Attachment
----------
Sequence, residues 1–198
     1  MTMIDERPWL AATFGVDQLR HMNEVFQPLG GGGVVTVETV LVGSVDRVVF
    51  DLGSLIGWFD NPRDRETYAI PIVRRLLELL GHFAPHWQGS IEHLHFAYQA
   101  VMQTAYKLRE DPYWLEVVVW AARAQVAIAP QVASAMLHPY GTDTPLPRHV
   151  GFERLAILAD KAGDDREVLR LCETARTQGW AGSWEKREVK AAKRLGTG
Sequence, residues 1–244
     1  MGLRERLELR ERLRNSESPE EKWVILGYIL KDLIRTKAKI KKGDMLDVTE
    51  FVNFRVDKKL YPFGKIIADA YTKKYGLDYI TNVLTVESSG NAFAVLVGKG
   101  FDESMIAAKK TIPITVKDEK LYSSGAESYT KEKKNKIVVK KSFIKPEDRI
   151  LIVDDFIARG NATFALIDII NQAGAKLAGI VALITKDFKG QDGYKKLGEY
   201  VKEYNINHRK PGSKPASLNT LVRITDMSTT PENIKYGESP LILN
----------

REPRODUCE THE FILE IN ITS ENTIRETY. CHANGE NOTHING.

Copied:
Sequence, residues 1–198
     1  MTMIDERPWL AATFGVDQLR HMNEVFQPLG GGGVVTVETV LVGSVDRVVF
    51  DLGSLIGWFD NPRDRETYAI PIVRRLLELL GHFAPHWQGS IEHLHFAYQA
   101  VMQTAYKLRE DPYWLEVVVW AARAQVAIAP QVASAMLHPY GTDTPLPRHV
   151  GFERLAILAD KAGDDREVLR LCETARTQGW AGSWEKREVK AAKRLGTG
Sequence, residues 1–244
     1  MGLRERLELR ERLRNSESPE EKWVILGYIL KDLIRTKAKI KKGDMLDVTE
    51  FVNFRVDKKL YPFGKIIADA YTKKYGLDYI TNVLTVESSG NAFAVLVGKG
   101  FDESMIAAKK TIPITVKDEK LYSSGAESYT KEKKNKIVVK KSFIKPEDRI
   151  LIVDDFIARG NATFALIDII NQAGAKLAGI VALITKDFKG QDGYKKLGEY
   201  VKEYNINHRK PGSKPASLNT LVRITDMSTT PENIKYGESP LILN